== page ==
Last year at this time, the toxic algae bloom in Lake Erie caused nearly half a million people in and around Toledo, Ohio, to be without safe drinking water. Clean water from our taps is something that many of us take for granted, but if we don’t protect our water sources — like the residents of Toledo discovered — we won’t be able to take it for granted anymore.
Last year’s bloom was not a new occurrence in Lake Erie, and wasn’t even as bad as 2011’s record-breaking bloom, but it’s the first time on record the lake’s algae caused a Do-Not-Drink-the-Water advisory on that scale.
And the outlook for this year doesn’t look good either, as scientists from the National Oceanic at Atmospheric Administration predict this summer’s bloom “will be among the most severe in recent years.” And on Tuesday, Toledo’s mayor announced that microcystin was detected in Lake Erie near the city’s drinking water intake.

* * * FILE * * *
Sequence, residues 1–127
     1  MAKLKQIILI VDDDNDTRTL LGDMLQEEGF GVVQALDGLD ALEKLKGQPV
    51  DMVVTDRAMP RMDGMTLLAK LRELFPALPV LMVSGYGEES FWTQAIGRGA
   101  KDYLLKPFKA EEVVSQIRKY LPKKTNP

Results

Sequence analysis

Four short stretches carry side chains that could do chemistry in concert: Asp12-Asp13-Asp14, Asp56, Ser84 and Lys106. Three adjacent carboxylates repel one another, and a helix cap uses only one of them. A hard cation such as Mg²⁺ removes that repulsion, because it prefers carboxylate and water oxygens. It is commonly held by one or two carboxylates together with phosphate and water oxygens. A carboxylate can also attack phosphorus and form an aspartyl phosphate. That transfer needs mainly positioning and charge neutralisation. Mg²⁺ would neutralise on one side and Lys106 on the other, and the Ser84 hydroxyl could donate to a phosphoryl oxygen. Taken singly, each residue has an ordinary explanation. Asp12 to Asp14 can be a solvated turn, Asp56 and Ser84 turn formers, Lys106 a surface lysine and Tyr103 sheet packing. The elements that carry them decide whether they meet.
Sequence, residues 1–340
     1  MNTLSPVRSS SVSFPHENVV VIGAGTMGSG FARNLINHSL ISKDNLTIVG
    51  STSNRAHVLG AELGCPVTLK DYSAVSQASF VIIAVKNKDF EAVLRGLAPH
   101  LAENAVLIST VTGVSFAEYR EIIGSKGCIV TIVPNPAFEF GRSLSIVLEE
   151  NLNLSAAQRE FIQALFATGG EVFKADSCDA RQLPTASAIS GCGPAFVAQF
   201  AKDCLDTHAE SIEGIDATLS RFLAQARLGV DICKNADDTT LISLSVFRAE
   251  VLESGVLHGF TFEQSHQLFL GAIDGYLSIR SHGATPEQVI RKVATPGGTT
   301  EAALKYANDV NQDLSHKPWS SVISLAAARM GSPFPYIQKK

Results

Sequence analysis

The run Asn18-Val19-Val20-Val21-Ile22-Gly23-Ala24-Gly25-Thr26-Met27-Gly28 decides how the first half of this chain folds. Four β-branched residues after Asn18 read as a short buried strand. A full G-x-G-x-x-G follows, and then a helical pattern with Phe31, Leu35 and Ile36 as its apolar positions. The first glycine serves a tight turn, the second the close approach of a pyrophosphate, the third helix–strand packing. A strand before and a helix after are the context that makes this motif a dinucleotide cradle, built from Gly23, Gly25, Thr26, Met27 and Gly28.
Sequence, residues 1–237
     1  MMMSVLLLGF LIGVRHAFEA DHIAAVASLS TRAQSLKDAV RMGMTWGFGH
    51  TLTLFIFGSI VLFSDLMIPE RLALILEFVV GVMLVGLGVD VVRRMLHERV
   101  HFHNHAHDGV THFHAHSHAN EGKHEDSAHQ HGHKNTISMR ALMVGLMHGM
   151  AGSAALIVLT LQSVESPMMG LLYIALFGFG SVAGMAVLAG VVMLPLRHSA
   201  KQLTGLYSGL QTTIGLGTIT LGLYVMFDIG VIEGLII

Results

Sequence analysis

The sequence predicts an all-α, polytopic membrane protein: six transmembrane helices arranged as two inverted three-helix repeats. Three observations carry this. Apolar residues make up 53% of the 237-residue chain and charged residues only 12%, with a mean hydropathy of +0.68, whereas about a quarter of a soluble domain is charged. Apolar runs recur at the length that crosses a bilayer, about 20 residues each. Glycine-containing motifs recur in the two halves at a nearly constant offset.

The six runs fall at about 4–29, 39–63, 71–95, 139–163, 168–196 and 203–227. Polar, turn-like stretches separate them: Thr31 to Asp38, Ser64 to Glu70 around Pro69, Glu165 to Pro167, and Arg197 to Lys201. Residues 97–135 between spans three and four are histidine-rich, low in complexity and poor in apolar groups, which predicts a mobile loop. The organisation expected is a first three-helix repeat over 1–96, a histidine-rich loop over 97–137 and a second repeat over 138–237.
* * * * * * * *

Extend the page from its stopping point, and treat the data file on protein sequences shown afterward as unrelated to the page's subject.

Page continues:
Microcystins are a type of toxin commonly found in algae blooms that can cause nausea, diarrhea, and vomiting, as well as liver damage in rare cases. Along with warming temperatures attributed to climate change that exacerbate the problem, algae blooms are often caused by the chemical process known as eutophication, or the oversupply of nutrients.
The record-breaking bloom of 2011 in Lake Erie was the impetus for a detailed report that includes strategies on how to keep it from happening again, focusing on reducing nutrient pollution in the form of phosphorus into the lake. A task forcealso found that Lake Erie received the most phosphorus of any of the Great Lakes – nearly 50 percent of the total for all of the lakes, with two-thirds of that phosphorus from farm land.
The two reports also note that algal blooms were a massive problem in Lake Erie in the 60s and 70s, but were curtailed by reducing and regulating phosphorous use. That seemed to basically fix the problem with an occasional flair-up into the 80s and early 90s, only to reappear this decade worse than ever.